During September 1972, in a historic tournament of incredible national magnitude, Team Canada faced the Soviets in an eight-game series. It was a defining moment in Canadian sport, as Paul Henderson's goal late in the final contest on September 28, 1972 gave Canada a victory that resonated from Victoria to St. John's. Team Canada was named 'Team of the Century' in a 1999 poll conducted by Canadian Press. To commemorate this outstanding achievement, the Royal Canadian Mint sponsored the Team Canada '72 Millennium Tribute monument which was officially unveiled on November 10, 2000 and is located outside along the south side of the Hockey Hall of Fame on Front Street.
Roughly a half dozen steps away from the “Team Canada 72 Millennium Tribute” is a scene depicting excited young hockey players climbing over the boards ready for action. Commissioned by the Hockey Hall of Fame in 1993, the artist, Edie Parker from Oakville Ontario, created a work titled “Our Game” that was inspired by an early 1970s magazine advertisement. If the CN Tower is the most photographed icon in Toronto, then this 17-foot Our Game bronze statue is surely a close second.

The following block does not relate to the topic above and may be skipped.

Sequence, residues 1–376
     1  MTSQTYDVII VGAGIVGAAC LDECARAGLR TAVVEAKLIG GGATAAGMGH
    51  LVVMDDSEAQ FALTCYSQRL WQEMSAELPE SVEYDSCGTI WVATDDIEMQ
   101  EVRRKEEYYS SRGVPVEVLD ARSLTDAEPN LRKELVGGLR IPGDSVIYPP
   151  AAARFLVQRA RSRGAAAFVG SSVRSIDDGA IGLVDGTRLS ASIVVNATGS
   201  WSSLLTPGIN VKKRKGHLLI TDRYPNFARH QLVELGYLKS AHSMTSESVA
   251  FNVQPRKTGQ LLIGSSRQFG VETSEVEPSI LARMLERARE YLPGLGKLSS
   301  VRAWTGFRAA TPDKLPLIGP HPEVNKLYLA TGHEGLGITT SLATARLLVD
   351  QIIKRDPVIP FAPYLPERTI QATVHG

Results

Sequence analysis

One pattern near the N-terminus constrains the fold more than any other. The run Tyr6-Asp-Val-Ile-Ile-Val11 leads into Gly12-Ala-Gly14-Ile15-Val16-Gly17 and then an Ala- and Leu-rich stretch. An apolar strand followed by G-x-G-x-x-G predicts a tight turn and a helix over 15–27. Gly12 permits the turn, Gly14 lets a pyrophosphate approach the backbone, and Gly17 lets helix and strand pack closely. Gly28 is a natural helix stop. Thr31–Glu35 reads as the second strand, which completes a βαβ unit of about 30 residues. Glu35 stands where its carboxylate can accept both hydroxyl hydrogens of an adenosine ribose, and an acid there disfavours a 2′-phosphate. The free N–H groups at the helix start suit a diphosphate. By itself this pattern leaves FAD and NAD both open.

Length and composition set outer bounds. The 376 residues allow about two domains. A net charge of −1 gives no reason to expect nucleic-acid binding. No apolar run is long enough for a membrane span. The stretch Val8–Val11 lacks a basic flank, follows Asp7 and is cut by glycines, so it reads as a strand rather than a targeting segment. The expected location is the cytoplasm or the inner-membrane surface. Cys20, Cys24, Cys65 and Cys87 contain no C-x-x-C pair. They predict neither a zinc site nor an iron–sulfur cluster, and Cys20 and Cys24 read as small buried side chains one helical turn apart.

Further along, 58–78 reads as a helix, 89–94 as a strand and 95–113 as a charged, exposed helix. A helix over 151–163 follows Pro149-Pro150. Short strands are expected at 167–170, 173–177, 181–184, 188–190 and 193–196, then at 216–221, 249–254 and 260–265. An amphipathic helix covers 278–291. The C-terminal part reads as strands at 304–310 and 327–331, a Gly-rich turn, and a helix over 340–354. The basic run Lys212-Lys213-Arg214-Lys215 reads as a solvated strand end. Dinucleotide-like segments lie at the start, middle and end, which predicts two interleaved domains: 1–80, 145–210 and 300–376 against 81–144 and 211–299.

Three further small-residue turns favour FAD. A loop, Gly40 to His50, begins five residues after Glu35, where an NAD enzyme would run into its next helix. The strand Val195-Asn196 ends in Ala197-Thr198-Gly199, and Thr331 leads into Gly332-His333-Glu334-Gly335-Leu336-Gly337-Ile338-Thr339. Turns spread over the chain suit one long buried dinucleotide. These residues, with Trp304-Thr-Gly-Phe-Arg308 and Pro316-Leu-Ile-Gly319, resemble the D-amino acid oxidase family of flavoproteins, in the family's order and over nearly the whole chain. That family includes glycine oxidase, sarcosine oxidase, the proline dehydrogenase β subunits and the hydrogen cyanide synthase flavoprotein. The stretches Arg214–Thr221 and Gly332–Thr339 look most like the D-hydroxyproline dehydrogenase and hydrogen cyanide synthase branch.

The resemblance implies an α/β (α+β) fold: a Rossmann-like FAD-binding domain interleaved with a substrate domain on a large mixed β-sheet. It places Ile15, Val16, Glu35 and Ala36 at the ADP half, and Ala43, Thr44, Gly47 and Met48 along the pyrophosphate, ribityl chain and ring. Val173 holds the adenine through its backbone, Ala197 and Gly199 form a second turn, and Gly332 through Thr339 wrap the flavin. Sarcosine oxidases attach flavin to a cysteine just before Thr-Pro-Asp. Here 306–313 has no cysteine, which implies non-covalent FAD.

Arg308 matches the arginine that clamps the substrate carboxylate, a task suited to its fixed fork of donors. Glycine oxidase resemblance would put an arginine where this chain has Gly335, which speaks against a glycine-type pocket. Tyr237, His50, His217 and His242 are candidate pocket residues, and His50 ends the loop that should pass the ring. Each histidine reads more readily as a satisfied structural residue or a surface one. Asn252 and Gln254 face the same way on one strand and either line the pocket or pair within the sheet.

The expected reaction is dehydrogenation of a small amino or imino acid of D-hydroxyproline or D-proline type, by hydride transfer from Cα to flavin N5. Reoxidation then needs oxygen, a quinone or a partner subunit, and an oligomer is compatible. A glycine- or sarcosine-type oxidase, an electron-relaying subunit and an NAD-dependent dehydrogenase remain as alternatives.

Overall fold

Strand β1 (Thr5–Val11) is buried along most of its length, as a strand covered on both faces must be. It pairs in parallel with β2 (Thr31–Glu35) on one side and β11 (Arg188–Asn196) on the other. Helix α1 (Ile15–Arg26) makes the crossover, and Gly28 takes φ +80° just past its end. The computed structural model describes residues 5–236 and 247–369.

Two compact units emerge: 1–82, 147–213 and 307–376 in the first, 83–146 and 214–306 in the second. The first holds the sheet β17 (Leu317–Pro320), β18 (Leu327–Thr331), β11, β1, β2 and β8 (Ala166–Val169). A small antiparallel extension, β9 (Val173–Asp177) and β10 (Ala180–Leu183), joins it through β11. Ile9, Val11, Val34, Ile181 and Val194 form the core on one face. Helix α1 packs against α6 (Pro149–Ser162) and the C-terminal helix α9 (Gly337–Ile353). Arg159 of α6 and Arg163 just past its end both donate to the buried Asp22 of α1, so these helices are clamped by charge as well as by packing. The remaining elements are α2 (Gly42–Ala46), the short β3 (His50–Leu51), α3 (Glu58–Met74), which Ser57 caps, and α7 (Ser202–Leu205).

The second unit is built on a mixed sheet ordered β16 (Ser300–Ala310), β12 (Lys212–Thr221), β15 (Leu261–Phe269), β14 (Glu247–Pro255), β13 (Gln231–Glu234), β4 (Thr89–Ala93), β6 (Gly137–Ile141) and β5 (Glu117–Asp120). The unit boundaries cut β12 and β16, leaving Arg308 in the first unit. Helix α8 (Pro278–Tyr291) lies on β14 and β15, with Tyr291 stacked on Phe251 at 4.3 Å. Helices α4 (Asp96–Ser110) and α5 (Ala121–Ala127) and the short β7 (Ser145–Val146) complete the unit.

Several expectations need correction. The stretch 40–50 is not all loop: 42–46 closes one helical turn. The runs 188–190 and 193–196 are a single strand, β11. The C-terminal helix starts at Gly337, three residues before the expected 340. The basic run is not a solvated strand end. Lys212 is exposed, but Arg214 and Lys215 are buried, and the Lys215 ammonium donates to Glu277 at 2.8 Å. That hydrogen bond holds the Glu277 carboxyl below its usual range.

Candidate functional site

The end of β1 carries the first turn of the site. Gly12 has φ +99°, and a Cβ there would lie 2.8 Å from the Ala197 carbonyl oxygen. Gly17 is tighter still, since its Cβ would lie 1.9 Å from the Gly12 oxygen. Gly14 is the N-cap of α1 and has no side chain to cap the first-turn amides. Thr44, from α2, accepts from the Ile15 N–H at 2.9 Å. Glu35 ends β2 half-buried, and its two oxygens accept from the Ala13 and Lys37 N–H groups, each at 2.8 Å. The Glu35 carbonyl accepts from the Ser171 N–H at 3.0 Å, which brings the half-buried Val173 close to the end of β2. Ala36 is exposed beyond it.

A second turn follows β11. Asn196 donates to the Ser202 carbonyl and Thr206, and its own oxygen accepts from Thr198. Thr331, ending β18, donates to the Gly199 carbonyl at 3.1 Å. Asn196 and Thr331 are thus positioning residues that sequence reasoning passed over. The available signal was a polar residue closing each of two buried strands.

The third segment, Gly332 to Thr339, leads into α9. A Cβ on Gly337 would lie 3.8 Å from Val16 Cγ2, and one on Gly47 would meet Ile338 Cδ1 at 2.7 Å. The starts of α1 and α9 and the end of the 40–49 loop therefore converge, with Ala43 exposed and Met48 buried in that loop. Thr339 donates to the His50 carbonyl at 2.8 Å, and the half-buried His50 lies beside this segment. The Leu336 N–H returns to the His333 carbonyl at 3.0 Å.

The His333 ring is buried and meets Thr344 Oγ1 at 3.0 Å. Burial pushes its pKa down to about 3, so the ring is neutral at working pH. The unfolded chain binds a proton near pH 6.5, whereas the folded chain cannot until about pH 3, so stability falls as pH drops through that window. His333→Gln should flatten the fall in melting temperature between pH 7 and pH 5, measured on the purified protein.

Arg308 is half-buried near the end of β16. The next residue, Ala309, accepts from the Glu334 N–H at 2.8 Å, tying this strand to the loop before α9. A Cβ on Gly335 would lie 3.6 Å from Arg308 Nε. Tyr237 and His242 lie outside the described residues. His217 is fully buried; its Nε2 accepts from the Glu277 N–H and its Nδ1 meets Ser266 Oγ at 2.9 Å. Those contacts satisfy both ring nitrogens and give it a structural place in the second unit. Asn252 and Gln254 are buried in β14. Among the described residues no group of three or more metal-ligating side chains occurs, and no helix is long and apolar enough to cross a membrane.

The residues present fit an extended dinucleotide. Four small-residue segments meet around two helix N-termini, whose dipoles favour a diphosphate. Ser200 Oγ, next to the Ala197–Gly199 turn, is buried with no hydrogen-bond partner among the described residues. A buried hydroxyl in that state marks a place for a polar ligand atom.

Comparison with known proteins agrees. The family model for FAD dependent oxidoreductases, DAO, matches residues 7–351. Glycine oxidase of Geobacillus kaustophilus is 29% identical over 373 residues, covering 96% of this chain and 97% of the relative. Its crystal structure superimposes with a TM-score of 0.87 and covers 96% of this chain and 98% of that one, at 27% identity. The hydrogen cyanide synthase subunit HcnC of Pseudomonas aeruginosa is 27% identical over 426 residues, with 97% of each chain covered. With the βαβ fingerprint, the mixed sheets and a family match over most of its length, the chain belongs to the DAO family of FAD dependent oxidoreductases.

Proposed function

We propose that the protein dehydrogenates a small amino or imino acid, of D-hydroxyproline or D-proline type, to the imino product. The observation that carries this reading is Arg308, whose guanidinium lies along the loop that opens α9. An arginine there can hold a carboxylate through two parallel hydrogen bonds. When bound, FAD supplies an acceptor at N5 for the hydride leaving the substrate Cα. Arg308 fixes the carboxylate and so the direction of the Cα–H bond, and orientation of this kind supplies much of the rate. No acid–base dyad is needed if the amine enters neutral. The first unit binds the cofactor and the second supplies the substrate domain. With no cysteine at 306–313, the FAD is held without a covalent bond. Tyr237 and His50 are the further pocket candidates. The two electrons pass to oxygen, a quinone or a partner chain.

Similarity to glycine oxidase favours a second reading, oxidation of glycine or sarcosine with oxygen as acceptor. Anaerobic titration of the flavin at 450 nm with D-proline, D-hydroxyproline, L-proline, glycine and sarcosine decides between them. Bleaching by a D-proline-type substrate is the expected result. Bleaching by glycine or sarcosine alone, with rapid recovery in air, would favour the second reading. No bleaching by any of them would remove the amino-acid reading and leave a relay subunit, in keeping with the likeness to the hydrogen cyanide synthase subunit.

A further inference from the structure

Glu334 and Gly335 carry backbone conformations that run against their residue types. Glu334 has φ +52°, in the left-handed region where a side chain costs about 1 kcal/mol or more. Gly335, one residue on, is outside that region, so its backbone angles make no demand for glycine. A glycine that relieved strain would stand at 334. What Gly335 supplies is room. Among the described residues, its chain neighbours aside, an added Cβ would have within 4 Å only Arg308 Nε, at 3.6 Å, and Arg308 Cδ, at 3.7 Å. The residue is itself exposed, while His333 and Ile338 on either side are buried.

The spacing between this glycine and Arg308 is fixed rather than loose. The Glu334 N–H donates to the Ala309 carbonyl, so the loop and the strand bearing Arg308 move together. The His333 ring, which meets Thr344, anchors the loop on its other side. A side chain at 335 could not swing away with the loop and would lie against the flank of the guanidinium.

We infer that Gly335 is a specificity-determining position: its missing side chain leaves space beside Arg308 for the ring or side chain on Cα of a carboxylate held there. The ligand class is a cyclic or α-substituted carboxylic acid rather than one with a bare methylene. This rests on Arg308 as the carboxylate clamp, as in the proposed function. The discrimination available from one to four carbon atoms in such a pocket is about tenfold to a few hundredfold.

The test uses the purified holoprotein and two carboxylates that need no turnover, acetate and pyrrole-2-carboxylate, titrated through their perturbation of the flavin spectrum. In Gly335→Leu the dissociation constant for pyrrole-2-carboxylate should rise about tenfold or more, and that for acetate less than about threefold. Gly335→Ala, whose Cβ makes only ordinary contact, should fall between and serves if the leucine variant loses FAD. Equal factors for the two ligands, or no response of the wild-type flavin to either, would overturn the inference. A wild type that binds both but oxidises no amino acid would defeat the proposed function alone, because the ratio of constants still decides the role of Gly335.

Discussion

Guarding the Hockey Hall of Fame’s Spirit of Hockey store entrance in Sam Pollock Square is the larger-than-life At The Crease statue honouring the iconic painting of the same name by renowned Canadian artist Ken Danby. The 1972 painting depicts a masked hockey goalie hunched in the crease like a warrior and as Danby himself described, “was never intended to represent a particular player but simply the personification of a goalie.”
As you approach the Hockey Hall of Fame’s admission area on the concourse level of Brookfield Place, you are greeted by a nearly nine-foot-tall statue of the incomparable "Mr. Hockey", namely, Gordie Howe. Throughout his legendary career, Honoured Member Gordie Howe looked out for his teammates, and now, the “Mr. Hockey” statue watches over visitors entering the Hall of Fame.